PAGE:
Adrienne dropped her phone for the hundredth time, and as expected, it fell into pieces. It was time to purchase a new mobile phone. However, the process was tedious. Adrienne was bustling between social media posts, Google search, and Amazon, before making a footfall in the store, itself.
Adrienne's path to purchase was anything but linear. And that's so true for all shoppers out there. It's common to find potential customers zig-zagging between a brand's e-commerce site, blogs, product listings, and others before making a purchase.
Adrienne's Path to Purchase But, how can your brand keep up with several of these customer touchpoints, and importantly, keep them engaged throughout their buying journey?
Thanks to the Customer Data Platform(CDP) that makes this process easier!
While there are imprinting a million touchpoints and customer interactions with your brand, with a CDP, you can garner unique and unified views into your customers' minds and needs.
Let's delve deep to understand how your brand can benefit from a unified customer data platform. Bookmark this for future reading and use the section links to jump to your favorite part.
Table of Contents
CDP is a database Software-as-a-Service (SaaS) suite that helps you create persistent and unified records of all your customers. An ideal CDP is one that integrates with your existing data and facilitates easy retrieval of the same.
You can build the complete picture of your customers on an individual level with the CDP. What's more, with such a 360-degree single view customer profile, you can endorse marketing personalization in all your campaigns.
To illustrate this, let's present a case in point.
Say Brand X is trying to get a better understanding of its customers. It could use its CDP to collect data from digital touchpoints like social channels, websites, e-mail, and all other places of potential interactions.
Then, the CPD would unify all the collected data to fabricate an easily understandable customer profile and make it usable to other systems that might need it – like the Google Ads or Facebook Ads platform.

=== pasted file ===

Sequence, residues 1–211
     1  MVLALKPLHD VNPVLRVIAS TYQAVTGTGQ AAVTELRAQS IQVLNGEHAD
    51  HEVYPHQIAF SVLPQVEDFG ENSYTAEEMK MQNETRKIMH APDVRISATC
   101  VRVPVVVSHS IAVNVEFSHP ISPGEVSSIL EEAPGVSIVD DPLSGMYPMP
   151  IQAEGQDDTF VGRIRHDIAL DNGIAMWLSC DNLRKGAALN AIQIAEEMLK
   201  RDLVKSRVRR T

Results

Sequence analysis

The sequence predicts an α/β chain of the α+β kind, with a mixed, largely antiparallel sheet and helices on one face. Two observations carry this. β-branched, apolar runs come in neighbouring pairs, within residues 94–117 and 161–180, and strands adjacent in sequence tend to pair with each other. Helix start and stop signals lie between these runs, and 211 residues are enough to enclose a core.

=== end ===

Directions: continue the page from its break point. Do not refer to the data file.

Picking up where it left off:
This process allows Brand X to segment, and formulate more personalized marketing campaigns like the disruptive giants - Amazon, Google, Facebook, and Netflix that are revolutionizing the way they do business by constantly getting to know their customers on an individual level.
Thus, Brand X could easily create an advertising audience based on those who have visited a specific page on their website. Real-time personalization marketing accomplished!
Just like Brand X, the multitude of brands with limited resources and tech talents could also compete in the market by leveraging CDP.
“How does CDP work in improving personalization?” The question is ringing in your mind, right?
Well, in the retail industry, especially, CDP takes personalized marketing to the next level. Here's how: It unifies all data silos to ensure that your customers are engaged with your brand, at the right time, every time.
Let's see this in action.
CDP for Intent-Based Targeting
Let's imagine that a new user comes to your retail brand's website with an intent to buy a particular product but abandons the cart. Now, to track this anonymous user and re-engage him with your brand, your marketing team has to get his identity.
And how can they achieve this?
Via a unified customer data platform, they can track the anonymous user's cookie, and voila, you are good to go with your personalized marketing campaign!
CDP for Behaviour-Based Targeting
Another means of enhancing personalized customer experience is by mapping your retail customer's online shopping behavior with offline purchases. With your CDP, you can keep track of customer journeys and assist your marketing team in engaging prospects with the right offer in real-time.
For instance, let's say that Adrienne visited the brand's website and added the mobile phone to the cart. However, let's assume that she didn't complete the purchase and dropped it off. Later, say, she visits the store and gets a mobile app notification with a customized offer for the mobile phone she had earlier selected online. Adrienne would immediately buy the phone from the store.